If you were inclined to wager, would you put your money on Intuit’s newly launched digital banking app or on one of the many startup challenger banks with names like NorthOne, Rho and Mercury to emerge as a major threat to traditional financial institutions in the small and midsize business market?
Oddsmakers would probably favor Intuit or possibly other Big Tech entrants. But before you place your bet, read why one of the challengers at least has no fears about Intuit or H&R Block or any other business-oriented platform — traditional financial institutions, for that matter.
Launched to the public in August 2019, NorthOne had just over 170,000 small businesses signed up for its banking app 12 months later and was growing at the rate of 20% to 30% a month, according to CEO and Co-Founder Eytan Bensoussan. That number is a drop in the bucket compared with the five million small business users of Intuit’s QuickBooks accounting software who will now be offered banking services through QuickBooks Cash, thanks to Intuit’s partnership with Green Dot Bank.
Bensoussan and his Co-Founder, COO Justin Adler, are unfazed. For one thing, there are 30 million small businesses and self-employed professionals in the U.S., so there is plenty of business to go around. And while Bensoussan acknowledges that there can be a good use case for combining an accounting package and a banking account, he also makes an interesting observation:
“What we’ve actually found is when one of the large non-bank competitors announces their intentions to get into banking we actually get a big bump of folks saying ‘Uh oh, I’m worried that I’m going to be forced into a walled garden in their ecosystem. I need a bank account that can be more of a ‘Switzerland’ for me’.
“Their concern, Bensoussan told The Financial Brand, is that they would be committed to using a big company’s tech stack and their software solutions if they use their bank account. NorthOne, by contrast, is neutral to everybody.
Traditional financial institutions inclined to dismiss all this as an intramural sideshow may be missing a key point: Both Intuit and NorthOne are gunning for the small business clients of banks and credit unions. The Intuit gambit is covered in another article on The Financial Brand site. This article focuses on NorthOne, whose unique subscription-based banking model combined with a package of mobile features designed to make managing finances and banking much simpler for Main Street businesses could well represent where all financial institutions will end up, sooner rather than later.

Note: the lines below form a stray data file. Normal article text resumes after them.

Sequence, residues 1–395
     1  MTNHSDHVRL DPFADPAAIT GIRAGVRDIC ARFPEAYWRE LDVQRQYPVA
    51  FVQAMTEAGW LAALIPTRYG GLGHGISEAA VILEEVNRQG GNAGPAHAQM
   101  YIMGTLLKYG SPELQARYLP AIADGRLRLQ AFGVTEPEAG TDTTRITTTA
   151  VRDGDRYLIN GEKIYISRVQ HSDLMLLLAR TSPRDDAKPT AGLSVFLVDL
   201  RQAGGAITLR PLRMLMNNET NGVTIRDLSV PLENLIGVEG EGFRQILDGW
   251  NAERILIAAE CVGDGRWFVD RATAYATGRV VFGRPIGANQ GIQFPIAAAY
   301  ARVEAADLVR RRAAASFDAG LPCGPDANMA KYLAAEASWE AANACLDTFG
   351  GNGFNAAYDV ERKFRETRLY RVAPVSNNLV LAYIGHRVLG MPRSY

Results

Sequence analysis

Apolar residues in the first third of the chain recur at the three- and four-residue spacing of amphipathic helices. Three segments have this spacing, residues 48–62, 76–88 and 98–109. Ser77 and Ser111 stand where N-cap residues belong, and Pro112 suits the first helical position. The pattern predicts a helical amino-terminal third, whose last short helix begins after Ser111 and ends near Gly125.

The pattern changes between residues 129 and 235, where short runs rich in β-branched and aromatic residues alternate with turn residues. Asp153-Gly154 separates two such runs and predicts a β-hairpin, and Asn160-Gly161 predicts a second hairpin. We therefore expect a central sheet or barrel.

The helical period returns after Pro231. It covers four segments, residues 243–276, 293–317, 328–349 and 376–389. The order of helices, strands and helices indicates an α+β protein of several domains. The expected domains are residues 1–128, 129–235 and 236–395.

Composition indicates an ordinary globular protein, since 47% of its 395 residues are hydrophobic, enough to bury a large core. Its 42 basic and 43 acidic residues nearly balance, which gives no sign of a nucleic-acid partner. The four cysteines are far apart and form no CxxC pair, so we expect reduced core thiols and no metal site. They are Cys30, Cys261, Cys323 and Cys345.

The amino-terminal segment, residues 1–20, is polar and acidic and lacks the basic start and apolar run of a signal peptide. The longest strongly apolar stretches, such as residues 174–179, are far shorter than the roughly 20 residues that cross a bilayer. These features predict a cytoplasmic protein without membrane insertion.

What Makes NorthOne Noteworthy?
Timing may not be everything but it sure helps when you get it right. Bensoussan acknowledges that as of yearend 2019-early January 2020, small business owners would tell him that the NorthOne app was “sort of a curiosity” — something for the business to think about.
Then came COVID-19.
“In the environment where shelter-in-place orders have become a reality this [mobile app] has become the safest option,” says Bensoussan. “It lets them run their business from home or wherever they are working from.” Adds Justin Adler: “In the same way that you saw a lot of retail shops suddenly say, ‘I need to become an ecommerce business,’ Main Street businesses said, ‘I need a solution that doesn’t require me to go to a branch or to wait on hold for two hours to just talk to someone’.” NorthOne’s sign-ups took off at that point, helped by a temporary waiver of its monthly fee.
Bensoussan grew up in a family of small business owners. He says he saw first-hand the constant tug-of-war between the professional side of the business — the knowledge and skills the owners possessed — and the “commercial” requirements of running the business, especially the financial aspects. Later, working at McKinsey on several financial services accounts, he saw first-hand the complexity underlying so many business banking products. Adler, as a serial entrepreneur, saw how financial management can weigh down a small company that otherwise has a great skill set and great ideas.
The two set out to create a banking experience for small businesses without so much friction and complexity. They partnered with Radius Bank to be able to offer deposit accounts and a debit card and for access to the payment system. (Radius, which is being acquired by LendingClub, has multiple fintech partnerships.)
Adler and Bensoussan also spent months talking to small business owners before writing a line of code. Unlike some challenger banks, NorthOne doesn’t target VC-funded startups. They do serve some start-ups and freelancers, but the majority of their customers have a handful or perhaps a dozen or two of employees, according to Bensoussan.